Springtime in D.C.

In April, 21 Flying Longhorns explored the sights and sounds of our nation’s capital.

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Washington, D.C. is a city of contradictions—a bustling metropolis teeming with quiet, enduring relics of American history. As 20 Longhorn travelers (and one stowaway Aggie) discovered on a five-day trip in April, it can be hard to juggle all there is to see and do in America’s capital city. Their solution: opt for the unusual.

The group got a taste of the Forty Acres when it toured the UT System Office of Federal Relations. Over breakfast, UT System Vice Chancellor Bill Shute, BA ’84, Life Member, explained his mission in D.C.: to promote research from all UT branches in an effort to increase federal support for the system’s 15 campuses.

“I didn’t realize Texas had anything like that in Washington,” says first-time Flying Longhorn A.J. Batla, BS ’66, Life Member. “It was nice to see that UT has a presence there.”

Another trip highlight also included a fellow Longhorn. Kyle Oliver, BS ’02, chief policy advisor to U.S. Rep. Ralph Hall, wore his UT cowboy boots as he led the group on a behind-the-scenes tour of the U.S. Capitol. From standing on the Speaker’s Balcony to visiting the floor of the House of Representatives—stops not on the official Capitol tour—travelers got an exclusive look at our nation’s legislature. The unexpected access made the tour a nearly unanimous trip favorite.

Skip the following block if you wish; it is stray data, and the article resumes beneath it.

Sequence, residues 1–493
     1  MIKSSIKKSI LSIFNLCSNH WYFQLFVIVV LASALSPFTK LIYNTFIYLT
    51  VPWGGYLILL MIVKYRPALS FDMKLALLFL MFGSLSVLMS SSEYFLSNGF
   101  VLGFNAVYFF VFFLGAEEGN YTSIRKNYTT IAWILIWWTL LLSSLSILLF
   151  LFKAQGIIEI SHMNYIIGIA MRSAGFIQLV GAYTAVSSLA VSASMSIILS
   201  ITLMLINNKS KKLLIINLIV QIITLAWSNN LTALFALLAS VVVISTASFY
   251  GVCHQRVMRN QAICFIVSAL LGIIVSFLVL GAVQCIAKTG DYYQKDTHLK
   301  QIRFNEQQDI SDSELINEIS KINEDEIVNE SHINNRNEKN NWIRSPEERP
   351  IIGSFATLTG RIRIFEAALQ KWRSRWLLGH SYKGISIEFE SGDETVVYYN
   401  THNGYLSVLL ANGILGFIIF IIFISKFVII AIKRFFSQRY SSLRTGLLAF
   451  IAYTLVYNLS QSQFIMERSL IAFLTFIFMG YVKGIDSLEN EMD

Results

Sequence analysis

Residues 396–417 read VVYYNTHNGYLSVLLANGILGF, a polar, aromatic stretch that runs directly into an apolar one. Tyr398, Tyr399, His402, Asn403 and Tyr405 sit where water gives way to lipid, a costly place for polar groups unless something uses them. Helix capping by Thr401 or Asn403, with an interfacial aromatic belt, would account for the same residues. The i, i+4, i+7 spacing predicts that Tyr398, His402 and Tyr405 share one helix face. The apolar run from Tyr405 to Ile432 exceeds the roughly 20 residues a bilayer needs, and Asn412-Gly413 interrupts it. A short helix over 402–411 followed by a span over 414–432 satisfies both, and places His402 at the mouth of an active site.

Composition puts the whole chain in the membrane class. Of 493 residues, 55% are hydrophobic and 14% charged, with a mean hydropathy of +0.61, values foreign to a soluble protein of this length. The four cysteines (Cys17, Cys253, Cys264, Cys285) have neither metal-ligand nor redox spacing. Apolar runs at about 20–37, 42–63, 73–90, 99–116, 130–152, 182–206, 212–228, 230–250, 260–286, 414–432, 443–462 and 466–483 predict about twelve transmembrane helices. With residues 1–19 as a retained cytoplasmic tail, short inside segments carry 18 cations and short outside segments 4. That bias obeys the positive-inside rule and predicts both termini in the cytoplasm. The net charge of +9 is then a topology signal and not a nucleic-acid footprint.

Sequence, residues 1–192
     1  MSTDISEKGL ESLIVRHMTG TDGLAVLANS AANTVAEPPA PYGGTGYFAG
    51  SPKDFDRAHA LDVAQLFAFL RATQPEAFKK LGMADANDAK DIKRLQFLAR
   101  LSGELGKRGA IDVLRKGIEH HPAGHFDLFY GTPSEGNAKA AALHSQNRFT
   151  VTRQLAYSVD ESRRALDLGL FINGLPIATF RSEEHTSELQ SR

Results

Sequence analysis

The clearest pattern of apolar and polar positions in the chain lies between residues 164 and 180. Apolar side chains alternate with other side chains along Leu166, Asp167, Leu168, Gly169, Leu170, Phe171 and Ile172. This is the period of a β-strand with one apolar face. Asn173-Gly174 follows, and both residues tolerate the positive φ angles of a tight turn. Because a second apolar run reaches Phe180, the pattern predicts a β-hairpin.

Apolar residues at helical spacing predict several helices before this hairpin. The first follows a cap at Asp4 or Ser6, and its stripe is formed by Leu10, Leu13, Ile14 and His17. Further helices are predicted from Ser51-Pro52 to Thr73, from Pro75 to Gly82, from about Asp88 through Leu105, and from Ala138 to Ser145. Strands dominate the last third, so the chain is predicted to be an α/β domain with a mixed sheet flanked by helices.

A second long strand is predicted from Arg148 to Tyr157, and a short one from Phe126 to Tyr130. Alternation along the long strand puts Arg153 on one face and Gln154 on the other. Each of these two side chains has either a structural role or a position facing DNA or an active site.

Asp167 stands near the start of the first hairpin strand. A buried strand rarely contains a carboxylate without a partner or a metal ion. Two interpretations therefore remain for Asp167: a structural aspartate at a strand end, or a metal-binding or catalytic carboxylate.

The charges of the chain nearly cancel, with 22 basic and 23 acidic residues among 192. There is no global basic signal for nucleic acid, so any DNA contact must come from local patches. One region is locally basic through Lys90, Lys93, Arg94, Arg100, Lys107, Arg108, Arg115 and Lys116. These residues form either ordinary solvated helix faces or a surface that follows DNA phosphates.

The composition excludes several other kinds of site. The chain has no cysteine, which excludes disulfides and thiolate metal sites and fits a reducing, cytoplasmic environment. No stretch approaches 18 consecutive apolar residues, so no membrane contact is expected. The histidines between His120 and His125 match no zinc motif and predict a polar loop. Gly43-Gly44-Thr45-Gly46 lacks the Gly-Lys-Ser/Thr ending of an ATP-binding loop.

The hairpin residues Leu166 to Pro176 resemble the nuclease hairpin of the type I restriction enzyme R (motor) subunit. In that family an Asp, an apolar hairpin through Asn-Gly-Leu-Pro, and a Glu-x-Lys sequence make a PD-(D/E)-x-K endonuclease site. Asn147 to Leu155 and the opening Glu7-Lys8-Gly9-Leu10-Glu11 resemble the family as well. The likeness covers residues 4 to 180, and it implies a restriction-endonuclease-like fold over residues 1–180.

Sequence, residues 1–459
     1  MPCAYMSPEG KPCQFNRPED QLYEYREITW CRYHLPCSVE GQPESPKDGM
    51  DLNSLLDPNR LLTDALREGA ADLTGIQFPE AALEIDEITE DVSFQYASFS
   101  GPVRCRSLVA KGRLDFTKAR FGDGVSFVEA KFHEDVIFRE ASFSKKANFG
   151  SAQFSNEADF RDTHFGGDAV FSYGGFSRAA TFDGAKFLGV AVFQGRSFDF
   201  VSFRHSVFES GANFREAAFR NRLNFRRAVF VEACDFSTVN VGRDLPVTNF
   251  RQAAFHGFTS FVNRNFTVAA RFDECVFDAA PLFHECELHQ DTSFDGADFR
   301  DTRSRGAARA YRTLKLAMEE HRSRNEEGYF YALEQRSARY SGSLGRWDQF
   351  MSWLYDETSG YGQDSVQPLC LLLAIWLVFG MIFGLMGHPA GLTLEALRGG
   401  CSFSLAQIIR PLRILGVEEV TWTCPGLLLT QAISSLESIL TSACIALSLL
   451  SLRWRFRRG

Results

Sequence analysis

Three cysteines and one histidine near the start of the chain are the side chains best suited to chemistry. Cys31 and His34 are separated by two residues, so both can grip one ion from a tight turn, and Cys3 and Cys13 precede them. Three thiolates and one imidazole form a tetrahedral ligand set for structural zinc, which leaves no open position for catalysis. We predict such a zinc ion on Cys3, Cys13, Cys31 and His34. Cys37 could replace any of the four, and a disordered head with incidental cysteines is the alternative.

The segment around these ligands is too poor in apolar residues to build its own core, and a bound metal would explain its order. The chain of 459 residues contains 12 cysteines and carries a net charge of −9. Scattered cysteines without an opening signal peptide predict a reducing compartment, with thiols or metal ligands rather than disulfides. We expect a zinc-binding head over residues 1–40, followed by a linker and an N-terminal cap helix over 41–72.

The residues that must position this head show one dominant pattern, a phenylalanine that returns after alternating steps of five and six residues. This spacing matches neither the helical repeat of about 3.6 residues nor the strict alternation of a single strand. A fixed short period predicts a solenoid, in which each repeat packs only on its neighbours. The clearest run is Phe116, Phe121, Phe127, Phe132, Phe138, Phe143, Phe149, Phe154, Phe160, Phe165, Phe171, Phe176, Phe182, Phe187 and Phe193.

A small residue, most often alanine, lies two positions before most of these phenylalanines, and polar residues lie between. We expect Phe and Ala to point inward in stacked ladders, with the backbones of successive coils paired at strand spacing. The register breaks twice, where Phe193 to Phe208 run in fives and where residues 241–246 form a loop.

“Visiting Speaker Boehner’s office and balcony was a real highlight,” says Mike Tyson, BBA ’62, Life Member. “We’d been to the Capitol before, but never gotten to do something like that.”

The group also visited many D.C. staples, including the National Mall, the Library of Congress, and Mount Vernon. Though the trip dates fell during the popular Cherry Blossom Festival, the elusive blossoms didn’t pop until the tail end of the trip, thanks to a surprisingly cold spring in D.C. Lucky for Longhorns, the bright pink buds could be spotted surrounding the Tidal Basin from the bus window on the way to the airport for the flight home.

“Overall, I thought it was a fantastic trip,” Batla says. “We got to see the highlights of D.C., plus some spots that weren’t as touristy. It was a nice way to see the city.”

Photos courtesy Thinkstock, Jordan Schraeder, and Susie Bogan.


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